This Watchmen review contains spoilers.
Watchmen Episode 4
“Legacy isn’t in land, it’s in blood,” reclusive trillionaire Lady Trieu tells a farming couple in Watchmen episode 4’s typically enigmatic opening scene.
Trieu has left her massive Millennium Clock sculpture home on the outskirts of Tulsa to arrive at Clark Acres Farms and offer Mr. and Mrs. Clark a very decent proposal. She wants their home and the 40 acres it sits on and in return she’s going to offer them something more important than money (though she’ll offer them that too, $5 million of it to be precise). She’s going to offer them legacy.
“You two have no children,” she tells them. “So when you die, your legacy dies with you.”
Since Lady Trieu made her trillions in the biotech and pharma industry, she is going to give them the child they’ve always wanted. In fact, she’s already created the child they’ve always wanted, a boy harvested from the Clarks’ own genetic material. Enormous HIPAA violation aside, as the three-minute clock that Trieu trickles down to 10 seconds, the Clarks throw themselves at the contract she’s brought and quickly scribble their names on it.
Legacy is indeed important. The idea of our name and genes outliving us is powerful enough that the idea of family has dominated some of HBO’s most important dramas throughout the years. The Sopranos, Game of Thrones, and currently Succession have all largely dealt with the complex nature of the family unit and the idea of building something to live on when time declares you can live on no longer.
The original Watchmen was also quite concerned with legacy. Alan Moore and Dave Gibbons’ comic was a multigenerational affair, spanning decades from the 1930s all the way through to the present day (1985). Heroes took off their masks and capes and passed them down to their children, so when the body fails, the work lives on.
Now, in this iteration of Watchmen, episode 4 “If You Don’t Like My Story, Write Your Own” loudly declares that the show understands intergenerational anxiety as well. Not only that but it’s willing to make it all a key part of its tale. “If You Don’t Like My Story, Write Your Own” doesn’t have the sheer joy of the series’ instant classic third episode, but it’s another brilliantly entertaining and articulate step in the show’s journey towards meaning.
The first scene with Lady Trieu (who is played by the absolutely wonderful Hong Chau. Being able to play a reclusive Vietnamese trillionaire on Watchmen and an Instagram-obsessed pug on BoJack Horseman is RANGE) proves to be an apt table setter, as much of the rest of “If You Don’t Like My Story” concerns itself with legacy and what he inherit from our ancestors.
Immediately after Trieu makes her offer, Angela realizes that she can’t wait a minute longer to learn about her own ancestry and breaks into the Greenwood Cultural Center after hours. She interfaces with the helpful talking head of Treasury Secretary Henry Louis Gates Jr. once again and this time receives her “acorn,” a small literal acorn-like chip that she can drop into the plot of her family tree in one of the museum’s exhibits.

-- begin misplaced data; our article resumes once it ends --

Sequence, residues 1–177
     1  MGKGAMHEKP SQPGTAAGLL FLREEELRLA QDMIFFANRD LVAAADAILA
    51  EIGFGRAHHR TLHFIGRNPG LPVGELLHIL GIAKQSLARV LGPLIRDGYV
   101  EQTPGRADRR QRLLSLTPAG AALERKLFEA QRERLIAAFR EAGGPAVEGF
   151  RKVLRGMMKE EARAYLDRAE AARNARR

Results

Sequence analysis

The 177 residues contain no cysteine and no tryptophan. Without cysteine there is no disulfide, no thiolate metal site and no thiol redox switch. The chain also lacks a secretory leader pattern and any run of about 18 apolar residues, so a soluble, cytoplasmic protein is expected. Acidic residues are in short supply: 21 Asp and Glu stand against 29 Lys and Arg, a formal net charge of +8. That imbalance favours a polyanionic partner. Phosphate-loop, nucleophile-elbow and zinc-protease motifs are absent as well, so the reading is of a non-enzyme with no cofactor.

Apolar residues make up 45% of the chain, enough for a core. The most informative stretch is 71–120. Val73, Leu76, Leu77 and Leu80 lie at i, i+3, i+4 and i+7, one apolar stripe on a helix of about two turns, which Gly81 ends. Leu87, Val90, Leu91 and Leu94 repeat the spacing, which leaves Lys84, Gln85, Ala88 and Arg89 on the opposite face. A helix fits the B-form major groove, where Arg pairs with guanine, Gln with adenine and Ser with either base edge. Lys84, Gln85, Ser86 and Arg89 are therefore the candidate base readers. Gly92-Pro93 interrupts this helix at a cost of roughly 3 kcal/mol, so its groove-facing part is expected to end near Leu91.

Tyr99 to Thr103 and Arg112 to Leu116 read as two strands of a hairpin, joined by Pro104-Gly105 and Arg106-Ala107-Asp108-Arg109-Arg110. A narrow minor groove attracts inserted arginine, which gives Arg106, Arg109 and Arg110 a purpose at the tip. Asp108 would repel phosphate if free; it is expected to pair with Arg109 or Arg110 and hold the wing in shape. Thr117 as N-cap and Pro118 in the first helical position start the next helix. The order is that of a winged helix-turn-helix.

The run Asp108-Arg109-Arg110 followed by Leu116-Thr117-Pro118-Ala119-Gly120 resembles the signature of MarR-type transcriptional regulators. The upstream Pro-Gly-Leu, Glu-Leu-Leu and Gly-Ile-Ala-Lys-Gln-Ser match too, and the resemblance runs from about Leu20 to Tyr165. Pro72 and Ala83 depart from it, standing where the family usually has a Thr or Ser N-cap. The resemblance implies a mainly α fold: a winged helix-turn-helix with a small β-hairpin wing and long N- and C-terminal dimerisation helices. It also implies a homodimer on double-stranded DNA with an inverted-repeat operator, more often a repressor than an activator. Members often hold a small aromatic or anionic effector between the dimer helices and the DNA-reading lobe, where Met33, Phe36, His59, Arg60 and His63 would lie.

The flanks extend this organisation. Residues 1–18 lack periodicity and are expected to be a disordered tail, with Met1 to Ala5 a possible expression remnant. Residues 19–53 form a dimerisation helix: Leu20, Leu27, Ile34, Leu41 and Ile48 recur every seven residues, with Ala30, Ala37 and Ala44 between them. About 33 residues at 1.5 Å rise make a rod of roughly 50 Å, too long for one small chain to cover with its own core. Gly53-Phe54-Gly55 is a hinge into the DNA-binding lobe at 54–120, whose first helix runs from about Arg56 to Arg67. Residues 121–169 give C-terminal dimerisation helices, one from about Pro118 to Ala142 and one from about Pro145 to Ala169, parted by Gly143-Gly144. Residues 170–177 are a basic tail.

“Angela, would you like to meet your great grandparents?” the automated voice asks.
“Yeah…” Angela quietly responds, with Regina King putting some touching vulnerability behind the words.
A hologram of Will’s mother and father, Opie Williams and Ruth Robinson, pops up. The computer is not able to find a photo of an adult Will, but it is able to find a photo of the whole Williams-Robinson family, happy and whole, posing what seems to be minutes before it all comes crashing down.
The scene is well shot, right down to the interposing of Angela’s face on the hologram of her young grandfather. These first two scenes come at the importance of legacy and intergenerational trauma in such disparate, yet equally compelling ways. The Lady Trieu proposal is wacky and almost a little creepy, kind of like the Veidt scenes in each episode. Then the brief Angela museum trip is sincerely affecting.
The idea of generational trauma, that the pain of our forefathers may be encoded in our very DNA, is a psychological concept that is increasingly popping up in our pop culture as of late. The final season of Showtime’s The Affair took viewers into a climate-ravaged near future to explore how children feel the pain their parents once did. Through six seasons, Netflix’s BoJack Horseman has been about nothing if not generational trauma.
Now Watchmen finds itself in a position to explore a uniquely, tragically American racial brand of generational trauma. So far, it’s making the absolute best of it, and “If You Don’t Like My Story, Write Your Own” uses it to its great advantage.
This hour of Watchmen isn’t just all about the past though. Once the theme of legacy is intact, the episode seems almost emboldened to embrace its weird self once again. We’d be remiss to point out that right after Angela heads to the cultural center, visits Wade Tillman to inquire about the pills her grandfather left behind, and disposes of a wheelchair; she comes across quite simply the greatest masked vigilante ever known to man: Lube Man.
Lube Man might not be his real name, but the moniker that Red Scare gives him is appropriate enough. Dressed in a silver, full body spandex (much like the Atlanta Braves’ The Freeze), Lube Man leads Angela on a chase through the industrial part of Tulsa before lubing himself up and just squirting into a nearby drain.